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PIT/PA Watch

May 15: 3.55
Season: 3.61
NL Average: 3.73
Cubs' NL Rank: 15th

Cubs Season Record 22-15 (--)

This Series
May 14-May 16

Cubs Sweep 3-0



Final Score: 6-1

Final Score: 7-5

Final Score: 4-2


Next Series
May 18-May 20

AT

May 18: Clement (5-2, 2.78) vs
Schmidt (3-2, 3.79)


May 19: Zambrano (4-1, 1.82) vs
Rueter (1-4, 5.52)


May 20: Maddux (3-3, 4.44) vs
Hermanson (1-2, 4.67)



Last Series
May 11-May 13

Dodgers Win 2-1



Final Score: 7-3

Final Score: 4-0

Final Score: 7-3


Know Your Enemy - The Series
Part 1 - The Reds
Part 2 - The Pirates
Part 3 - The Brewers
Part 4A - The Cardinals - Position Players
Part 4B - The Cardinals - Pitching and Bench
Part 5A - The Astros - Position Players
Part 5B - The Astros - Pitching and Bench

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 Archives
08/01/2003 - 09/01/2003
09/01/2003 - 10/01/2003
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03/01/2004 - 04/01/2004
04/01/2004 - 05/01/2004
05/01/2004 - 06/01/2004
Creeping Inexorably Toward A Worthwhile Sub-Heading.
Monday, March 08, 2004

Don't Make Me Come Over There

I'm sure you're all aware by now that Mike Remlinger will be starting 2004 on the disabled list. In the long term, this is a good thing. He spent the entire season in pain last year, and while he performed admirably considering, I'm not interested in having anyone on the pitching staff "gutting through" an injury, particularly in the early going. The Cubs will need all hands on deck and healthy if they want to make the postseason, and will need them more upon arrival.

This development has all but guaranteed a spot for Juan Cruz in the bullpen, at least to start the season. It would take something catastrophic involving an asteroid, Bruce Willis, and the accidental mislabeling of laundry soap as weapons-grade plutonium to keep him out of the Cubs' bullpen in April. Who accompanies him is another matter, and while I'm not going to go through every reasonable possibility (Alex Ciepley's already done nicely with that), I do have someone I want to actively stump against.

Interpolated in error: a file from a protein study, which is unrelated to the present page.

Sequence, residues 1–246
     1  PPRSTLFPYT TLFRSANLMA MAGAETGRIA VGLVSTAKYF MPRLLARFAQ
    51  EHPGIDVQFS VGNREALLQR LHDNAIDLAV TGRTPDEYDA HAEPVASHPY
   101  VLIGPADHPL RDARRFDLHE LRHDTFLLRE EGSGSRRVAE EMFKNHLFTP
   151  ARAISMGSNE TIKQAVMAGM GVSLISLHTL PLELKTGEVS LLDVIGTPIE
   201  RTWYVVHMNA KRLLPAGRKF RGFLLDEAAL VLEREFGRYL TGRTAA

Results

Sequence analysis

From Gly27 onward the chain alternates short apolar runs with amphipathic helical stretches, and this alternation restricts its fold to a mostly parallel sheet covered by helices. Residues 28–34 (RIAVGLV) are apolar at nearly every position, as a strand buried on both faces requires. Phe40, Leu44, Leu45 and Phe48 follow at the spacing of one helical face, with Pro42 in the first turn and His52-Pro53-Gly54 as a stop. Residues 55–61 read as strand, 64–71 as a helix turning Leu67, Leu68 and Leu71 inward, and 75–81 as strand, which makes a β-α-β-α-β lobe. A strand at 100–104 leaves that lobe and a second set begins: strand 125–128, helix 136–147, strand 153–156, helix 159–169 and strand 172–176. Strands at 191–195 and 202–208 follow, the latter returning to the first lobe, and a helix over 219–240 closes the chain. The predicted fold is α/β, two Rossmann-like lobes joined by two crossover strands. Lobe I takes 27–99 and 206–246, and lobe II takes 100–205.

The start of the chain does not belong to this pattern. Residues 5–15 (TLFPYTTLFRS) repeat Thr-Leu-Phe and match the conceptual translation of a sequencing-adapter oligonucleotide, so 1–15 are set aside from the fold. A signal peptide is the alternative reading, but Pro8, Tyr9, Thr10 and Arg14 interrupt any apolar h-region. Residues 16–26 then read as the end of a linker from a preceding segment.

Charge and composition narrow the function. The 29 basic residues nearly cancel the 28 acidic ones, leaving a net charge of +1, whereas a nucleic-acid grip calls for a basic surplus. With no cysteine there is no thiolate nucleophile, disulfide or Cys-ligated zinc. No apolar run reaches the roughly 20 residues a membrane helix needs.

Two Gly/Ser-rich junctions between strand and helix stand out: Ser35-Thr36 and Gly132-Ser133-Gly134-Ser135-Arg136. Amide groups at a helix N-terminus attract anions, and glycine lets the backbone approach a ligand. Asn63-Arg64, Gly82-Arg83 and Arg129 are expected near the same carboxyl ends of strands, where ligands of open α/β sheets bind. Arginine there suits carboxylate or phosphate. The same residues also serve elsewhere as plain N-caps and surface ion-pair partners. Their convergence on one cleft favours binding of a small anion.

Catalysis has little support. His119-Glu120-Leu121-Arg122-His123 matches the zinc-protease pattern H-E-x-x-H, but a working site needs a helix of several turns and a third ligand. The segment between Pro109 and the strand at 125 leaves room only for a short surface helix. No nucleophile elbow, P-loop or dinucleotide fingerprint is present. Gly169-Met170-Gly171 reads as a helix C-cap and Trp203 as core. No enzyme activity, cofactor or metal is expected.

IP H HR BB SO ERA
Player A 559 653 58 234 235 5.43
Player B 4 5 0 1 2 0.00

I know I'm comparing apples and oranges in the sample sizes, but that will be part of my point. Yet, before I make my intentions clear, let's talk about the guy with all the playing time.

It's pretty easy to see how awful Player A is. He doesn't strike people out, has lousy control, and gives up a ton of hits. The one "positive" is that he tends to give up "only" 20.7 home runs per 200 innings, but spinning that is like saying how nicely Martha Stewart's hair held up in the wind after she became a convicted felon. His career ERA+ is still 81, and if 559 innings of that brand of "run prevention" doesn't convince you to leave him be, there may be a job for you in Cincinnati.

Gotcha, Derek. Player A would be a bad addition to a team. What about Player B? Well, right now, we don't know much. Four innings, no matter how good or bad, tell us next to nothing. If we understand the quality of the competition our ideas about this pitcher become more clear, but only by a fraction. It's still just four innings, and anyone with enough talent to be a professional baseball player at any level of a Major League system can have four good innings in the Show.

It's impossible to come to a conclusion about Player B's potential. There's just not enough information, and even adding another 10-15 innings of data won't do much to increase our enlightenment. Until we know more, Player B is something of an enigma, and there's no way we could make a reasonable decision about how to use him with that little information in hand.

Luckily, we don't have to. And neither do the Cubs. Player B is Jimmy Anderson, a soft-tossing lefty currently having a decent camp in Mesa, and battling for the last spot in the bullpen. Player A is also Jimmy Anderson, except instead of spring training numbers against other team's AA players, those are Anderson's career stats in the Major Leagues.

What should we believe: the 4 innings of work in Mesa, or the 559 innings played against the big boys? The answer is obvious to me, and should be to the Cubs as well. Unless he's suddenly added velocity on his fastball and snap on his breaking stuff, Anderson is going to be the same pitcher he's always been: Shawn Estes minus the curveball, plus the Krispy Kreme.

The only reasons to let Anderson move north with the big club are because he's performed well over a short stint against inferior competition, and he happens to throw with his left hand. If either of these justifications seem solid, you're welcome to your opinion. I just hope you don't work for the Cubs.

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Posted by Derek @ 1:39 PM

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